I Wonder If I Am A Libertarian # 9

Key Concepts of Libertarianism


David Boaz

January 1, 1999


The key concepts of libertarianism have developed over many centuries. The first inklings of them can be found in ancient China, Greece, and Israel; they began to be developed into something resembling modern libertarian philosophy in the work of such seventeenth- and eighteenth-century thinkers as John Locke, David Hume, Adam Smith, Thomas Jefferson, and Thomas Paine.

Natural Harmony of Interests. Libertarians believe that there is a natural harmony of interests among peaceful, productive people in a just society. One person’s individual plans — which may involve getting a job, starting a business, buying a house, and so on — may conflict with the plans of others, so the market makes many of us change our plans. But we all prosper from the operation of the free market, and there are no necessary conflicts between farmers and merchants, manufacturers and importers. Only when government begins to hand out rewards on the basis of political pressure do we find ourselves involved in group conflict, pushed to organize and contend with other groups for a piece of political power.

Like children fighting for parental attention.

End of quote.

This is a face-valid idea, if there ever was one.

When there are limited valuable resources animals (humans are animals) compete for them.

If there is no rule of law, those that can physically dominate others do so to get “the spoils of war”.

If there are prominent and powerfully enforced rules of law, a small and stingy government, and an active free market, people tend to compete peacefully within the market place. There, creative and hard-working individuals get rewarded, consumers get rewarded, the government gets rewarded (i.e., tax-base grows), and those who lose in the competition are encouraged to try other ideas that might be more successful in the competition.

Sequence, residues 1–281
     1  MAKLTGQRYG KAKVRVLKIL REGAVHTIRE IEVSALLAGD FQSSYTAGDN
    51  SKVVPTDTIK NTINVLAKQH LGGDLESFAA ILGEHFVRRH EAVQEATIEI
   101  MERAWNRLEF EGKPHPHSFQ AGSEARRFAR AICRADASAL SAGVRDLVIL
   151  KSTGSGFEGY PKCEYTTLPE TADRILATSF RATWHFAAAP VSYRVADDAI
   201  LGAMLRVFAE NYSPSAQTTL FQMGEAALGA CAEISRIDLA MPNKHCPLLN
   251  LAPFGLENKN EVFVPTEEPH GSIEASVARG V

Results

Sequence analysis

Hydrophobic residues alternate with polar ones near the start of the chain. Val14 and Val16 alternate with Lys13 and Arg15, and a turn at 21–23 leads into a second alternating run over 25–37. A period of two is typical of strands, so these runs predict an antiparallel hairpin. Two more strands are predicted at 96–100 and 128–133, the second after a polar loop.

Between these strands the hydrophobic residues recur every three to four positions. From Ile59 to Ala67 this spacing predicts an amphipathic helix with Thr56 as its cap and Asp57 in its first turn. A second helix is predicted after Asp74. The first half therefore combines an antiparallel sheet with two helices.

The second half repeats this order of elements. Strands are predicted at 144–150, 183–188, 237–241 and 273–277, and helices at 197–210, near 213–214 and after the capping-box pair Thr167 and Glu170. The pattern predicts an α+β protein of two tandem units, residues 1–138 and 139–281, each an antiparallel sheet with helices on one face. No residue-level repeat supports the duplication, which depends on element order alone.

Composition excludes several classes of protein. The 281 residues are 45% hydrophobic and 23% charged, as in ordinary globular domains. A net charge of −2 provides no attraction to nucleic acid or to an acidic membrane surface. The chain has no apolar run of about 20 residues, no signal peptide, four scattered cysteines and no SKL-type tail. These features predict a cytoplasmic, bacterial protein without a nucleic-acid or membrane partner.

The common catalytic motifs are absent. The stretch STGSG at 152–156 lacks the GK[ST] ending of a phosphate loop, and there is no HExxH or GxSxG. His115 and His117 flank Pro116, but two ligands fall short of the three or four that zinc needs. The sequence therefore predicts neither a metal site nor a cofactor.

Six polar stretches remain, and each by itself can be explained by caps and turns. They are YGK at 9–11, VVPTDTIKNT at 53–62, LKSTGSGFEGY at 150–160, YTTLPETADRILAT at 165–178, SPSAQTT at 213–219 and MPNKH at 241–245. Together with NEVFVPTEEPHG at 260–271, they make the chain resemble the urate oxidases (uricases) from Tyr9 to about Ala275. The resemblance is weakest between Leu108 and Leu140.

Under these conditions, competition yields rewarding outcomes for almost everyone and provides corrective feedback to those who need to change their competitive strategies.

Only when the “government begins to hand out rewards on the basis of political pressure do we find ourselves involved in group conflict, pushed to organize and contend with other groups for a piece of political power”.

This is also true when political action groups rant, rage, and tantrum to our politicized legal system, for support of their preferred life-styles, rather appealing for changes in prevailing social attitudes and social acceptance for their so-called, self-proclaimed rights (abortion, Gay Marriage, legalized drugs, Gays in the military, etc.)

Psychology’s Law of Effect predicts that whatever behaviors a social/political or economic system rewards, will increase in rate of occurrence. If we reward greater magnitudes of some action (say political unrest and destructive protests), greater magnitudes of that behavior will increase in rate of occurrence. Our ignorance of this information is stunning. It should have been taught in our grade schools

There should be no surprise that when judicial and political systems begin to reward those who strongly compete for their favors, large segments of our population begin to flap, squawk and crap like a bunch of hungry seagulls fighting for a few precious morsels of food that are hand-tossed high into the air amongst them.

Do yourself a favor. Take some time and do a fun experiment; go feed the seagulls and you will see exactly what I mean.

VTM, 7/3/13

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